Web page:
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Now That's What I Call Expert Witness with Robert Christgau!

The Dean of American Rock Critics reviews 'Now That's What I Call 90s Pop,' 'Now That's What I Call Tailgate Anthems,' and some extra stocking fillers.
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The self-proclaimed "Dean of American Rock Critics," Robert Christgau was one of the pioneers of music criticism as we know it. He was the music editor at the Village Voice for almost four decades where he created the trusted annual Pazz & Jop Poll. He was one of the first mainstream critics to write about hip-hop and the only one to review Simon & Garfunkel's Bridge Over Troubled Water with one word: "Melodic." On top of his columns, he has published six books, including his 2015 autobiography, Going Into the City. He currently teaches at New York University. Every week, we publish Expert Witness, his long-running critical column. To read more about his career, read his welcome post; for four decades of critical reviews, check out his regularly updated website.


Now That's What I Call 90s Pop (Sony Music Entertainment) This unusually useful pre-Now lookback—Stateside, the series only began in 1998—means to reinstall 18 four-minute pop songs in your short-term memory. From Will Smith's "Gettin' Jiggy With It" to the New Kids' "Step by Step," with the likes of Boyz II Men, Wreckx-N-Effect, born-againer-in-waiting Montell Jordan, Mad TV fave Bobby Brown, and "Livin' La Vida Loca" on board, the default mode is male-dominated funk-lite broadly defined, with the ambiguous-lite Max Martin classics "…Baby One More Time" and "I Want It That Way" flanking the concept. Cheap nostalgia for thirty-somethings, a refresher course in pop history for the rest of us. Among the missing: "U Can't Touch This," "Jump," "C'Mon 'N Ride It," "The Macarena," and the cheekily non-male "I Kissed a Girl." But so much easier than burning your own. A MINUS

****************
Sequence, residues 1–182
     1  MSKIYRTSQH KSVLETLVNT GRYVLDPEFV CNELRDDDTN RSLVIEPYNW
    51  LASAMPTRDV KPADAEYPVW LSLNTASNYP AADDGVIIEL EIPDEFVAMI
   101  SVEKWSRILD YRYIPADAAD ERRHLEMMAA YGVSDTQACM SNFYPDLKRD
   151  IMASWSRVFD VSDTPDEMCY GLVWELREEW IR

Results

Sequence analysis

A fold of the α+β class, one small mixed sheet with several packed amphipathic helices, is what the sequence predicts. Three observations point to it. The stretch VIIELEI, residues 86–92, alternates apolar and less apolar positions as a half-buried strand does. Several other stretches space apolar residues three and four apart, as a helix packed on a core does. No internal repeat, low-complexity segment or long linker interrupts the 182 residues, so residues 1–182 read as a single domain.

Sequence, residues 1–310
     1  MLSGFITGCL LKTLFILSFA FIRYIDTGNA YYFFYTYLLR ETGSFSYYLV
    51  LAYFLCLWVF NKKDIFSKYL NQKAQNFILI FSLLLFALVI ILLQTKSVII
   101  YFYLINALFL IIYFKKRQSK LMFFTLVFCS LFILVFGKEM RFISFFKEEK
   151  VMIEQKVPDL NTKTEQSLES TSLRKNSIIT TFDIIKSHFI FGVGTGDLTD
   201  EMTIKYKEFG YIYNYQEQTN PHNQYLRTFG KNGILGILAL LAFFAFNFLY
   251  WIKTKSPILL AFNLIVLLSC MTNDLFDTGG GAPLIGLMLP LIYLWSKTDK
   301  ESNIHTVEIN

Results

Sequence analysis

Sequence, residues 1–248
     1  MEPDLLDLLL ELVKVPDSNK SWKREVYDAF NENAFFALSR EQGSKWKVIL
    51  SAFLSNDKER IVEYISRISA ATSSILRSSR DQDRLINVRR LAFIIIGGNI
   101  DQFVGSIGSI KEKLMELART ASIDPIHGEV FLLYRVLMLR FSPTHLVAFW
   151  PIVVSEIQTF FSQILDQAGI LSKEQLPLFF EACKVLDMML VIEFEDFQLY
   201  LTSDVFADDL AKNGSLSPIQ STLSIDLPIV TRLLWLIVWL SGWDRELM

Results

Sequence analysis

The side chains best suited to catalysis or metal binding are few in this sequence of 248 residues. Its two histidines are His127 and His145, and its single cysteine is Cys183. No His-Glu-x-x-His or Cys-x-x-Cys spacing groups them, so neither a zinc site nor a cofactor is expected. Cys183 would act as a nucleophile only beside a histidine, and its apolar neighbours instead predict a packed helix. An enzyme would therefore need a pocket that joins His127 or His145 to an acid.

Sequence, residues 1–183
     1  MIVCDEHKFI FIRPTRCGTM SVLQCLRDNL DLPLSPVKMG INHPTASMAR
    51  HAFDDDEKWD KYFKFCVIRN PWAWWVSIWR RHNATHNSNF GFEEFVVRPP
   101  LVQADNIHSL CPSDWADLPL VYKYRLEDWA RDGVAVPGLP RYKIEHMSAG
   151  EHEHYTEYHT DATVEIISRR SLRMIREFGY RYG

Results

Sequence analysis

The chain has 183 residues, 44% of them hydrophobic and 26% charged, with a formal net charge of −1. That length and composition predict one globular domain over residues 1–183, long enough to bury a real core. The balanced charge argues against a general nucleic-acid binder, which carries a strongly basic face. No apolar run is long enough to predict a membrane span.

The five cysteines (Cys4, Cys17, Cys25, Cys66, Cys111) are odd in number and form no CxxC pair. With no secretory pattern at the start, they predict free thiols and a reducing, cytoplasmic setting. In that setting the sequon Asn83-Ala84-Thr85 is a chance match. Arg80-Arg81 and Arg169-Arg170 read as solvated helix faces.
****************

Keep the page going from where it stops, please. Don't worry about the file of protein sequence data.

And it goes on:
Now That's What I Call Tailgate Anthems (Sony Music Entertainment) This decades-spanning blunt instrument dispenses with the vaguely heart-warming ecumenical mix-and-match the Now cartel usually makes a pass at. It's segregated by what we'll call culture: first six pop-metal warhorses whose Queen-Bon Jovi-Journey-Kiss-Survivor-Europe titles you can fill in yourself, then seven somewhat less reliable dance-rap bangers, after which sole woman Pink's best-in-show "Get the Party Started" transports us into a three-track country finale that left me wondering how I'd missed Sam Hunt's off-concept "House Party" and concluding once and for all that Jason Aldean is a blander, less macho Luke Bryan. Every single track is broad in the beam, "rock" at its most obvious even if the details are hip-hop or country—rock for jocks. But there are times when the Kiss-Lil Jon continuum is just right for clearing the sinuses or getting you to the next rest stop, and this will definitely do that job. A MINUS

13 Days of Xmas (Bloodshot) Short on cheer, which doesn't mean love (All Our Exes Live in Texas, "How to Make Gravy"; Ha Ha Tonka, "The List"; Zach Schmidt, "I'm Drunk Again This Christmas") **

Nick Lowe: Quality Street (Yep Roc) On an album decked with Xmas rarities penned by Roger Miller, Boudleaux Bryant, Roy Wood, and the great trad. arr., the prize selections are Lowe originals ("Christmas at the Airport," "I Was Born in Bethlehem") *

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